SEOUL --The launch of Hanvit-TLV, a test launch vehicle developed by South Korean startup Innospace, was delayed for a day due to extended pre-launch examinations and preparations, the tech startup said.
In October 2021, South Korea successfully launched a homemade three-stage rocket called the Korea Space Launch Vehicle-2 (KSLV-2) known as "Nuri" into space. The rocket equipped with a 300-ton-class propulsion system was developed solely using domestically-developed technologies.
The first launch of the homemade Nuri has put South Korea among the ranks of countries that can develop a rocket capable of carrying more than one ton of payload into orbit. It took South Korean scientists 11 years and seven months to develop a rocket using domestic technology after countries such as the United States, Russia, France, Japan, China, and India.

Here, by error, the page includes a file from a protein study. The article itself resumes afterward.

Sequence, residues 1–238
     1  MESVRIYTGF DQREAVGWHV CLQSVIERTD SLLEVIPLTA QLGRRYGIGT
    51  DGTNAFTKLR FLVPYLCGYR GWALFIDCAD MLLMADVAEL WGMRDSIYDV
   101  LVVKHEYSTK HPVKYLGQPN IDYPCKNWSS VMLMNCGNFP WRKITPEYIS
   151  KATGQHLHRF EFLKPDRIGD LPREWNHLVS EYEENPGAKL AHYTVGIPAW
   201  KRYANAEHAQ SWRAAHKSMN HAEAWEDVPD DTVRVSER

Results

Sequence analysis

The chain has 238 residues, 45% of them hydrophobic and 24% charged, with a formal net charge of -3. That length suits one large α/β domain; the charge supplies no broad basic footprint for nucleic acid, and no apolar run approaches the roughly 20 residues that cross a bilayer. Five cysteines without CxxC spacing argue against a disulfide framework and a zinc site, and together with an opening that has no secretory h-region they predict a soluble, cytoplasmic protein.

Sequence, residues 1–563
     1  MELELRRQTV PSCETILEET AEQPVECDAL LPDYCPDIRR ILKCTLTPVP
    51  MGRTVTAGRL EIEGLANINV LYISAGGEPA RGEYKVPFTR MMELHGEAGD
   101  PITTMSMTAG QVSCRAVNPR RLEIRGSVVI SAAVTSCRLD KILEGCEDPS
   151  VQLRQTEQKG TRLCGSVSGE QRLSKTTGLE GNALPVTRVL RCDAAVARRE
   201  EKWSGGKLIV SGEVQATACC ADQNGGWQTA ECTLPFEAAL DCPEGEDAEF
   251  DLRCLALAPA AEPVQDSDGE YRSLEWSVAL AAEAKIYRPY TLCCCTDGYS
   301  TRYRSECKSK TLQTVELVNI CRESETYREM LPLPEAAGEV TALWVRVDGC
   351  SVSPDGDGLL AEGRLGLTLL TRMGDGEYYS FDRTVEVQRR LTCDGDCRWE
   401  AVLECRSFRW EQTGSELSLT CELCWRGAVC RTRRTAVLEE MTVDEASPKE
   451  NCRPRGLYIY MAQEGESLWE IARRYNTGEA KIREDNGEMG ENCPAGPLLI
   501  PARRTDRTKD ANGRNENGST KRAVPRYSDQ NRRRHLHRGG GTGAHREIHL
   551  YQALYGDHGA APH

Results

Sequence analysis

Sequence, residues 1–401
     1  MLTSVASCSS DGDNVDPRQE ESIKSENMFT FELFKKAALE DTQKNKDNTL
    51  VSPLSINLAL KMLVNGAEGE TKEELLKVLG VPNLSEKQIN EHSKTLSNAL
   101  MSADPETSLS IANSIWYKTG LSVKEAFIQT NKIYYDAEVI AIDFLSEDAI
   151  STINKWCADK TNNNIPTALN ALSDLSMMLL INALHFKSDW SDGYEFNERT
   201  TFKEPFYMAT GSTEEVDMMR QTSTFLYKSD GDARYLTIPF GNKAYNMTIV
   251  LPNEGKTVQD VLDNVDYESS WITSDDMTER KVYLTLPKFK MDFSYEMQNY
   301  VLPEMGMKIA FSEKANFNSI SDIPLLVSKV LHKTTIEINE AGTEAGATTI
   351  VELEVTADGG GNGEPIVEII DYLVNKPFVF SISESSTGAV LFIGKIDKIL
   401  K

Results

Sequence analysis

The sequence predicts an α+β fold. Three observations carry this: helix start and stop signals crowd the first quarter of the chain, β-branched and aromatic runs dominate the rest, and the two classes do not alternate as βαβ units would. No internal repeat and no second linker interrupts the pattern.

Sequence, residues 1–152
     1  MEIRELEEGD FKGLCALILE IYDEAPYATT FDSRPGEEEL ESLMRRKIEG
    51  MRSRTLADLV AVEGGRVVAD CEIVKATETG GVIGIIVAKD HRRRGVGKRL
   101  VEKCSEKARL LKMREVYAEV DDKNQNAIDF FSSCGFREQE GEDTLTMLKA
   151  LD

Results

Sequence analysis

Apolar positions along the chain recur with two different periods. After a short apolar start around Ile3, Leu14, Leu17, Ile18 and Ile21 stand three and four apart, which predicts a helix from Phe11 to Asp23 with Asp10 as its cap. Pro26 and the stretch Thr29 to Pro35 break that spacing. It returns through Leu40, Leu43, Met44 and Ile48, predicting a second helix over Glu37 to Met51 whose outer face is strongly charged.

Innospace said in a statement on March 8 that the launch of Hanvit-TLV, originally scheduled to be launched at the Alcantara Space Center in Brazil in the afternoon of March 7 (local time), was delayed for a day due to extended examinations. The rocket is docked onto the launching pad and is awaiting for the pre-launch checking process to finish.
"Considering that today is our first day of the launch preparation period, we are preparing for a thorough inspection of the vehicle," Innospace said. Hanvit-TLS is a 16.3 meter-tall hybrid engine test launch vehicle equipped with a single-stage 8.4-ton rocket engine.
The successful launch of Hanvit-TLV will determine the future of South Korean private launch vehicles in the global market by proving the efficacy and revealing the possibility of South Korean-made space launch vehicles.
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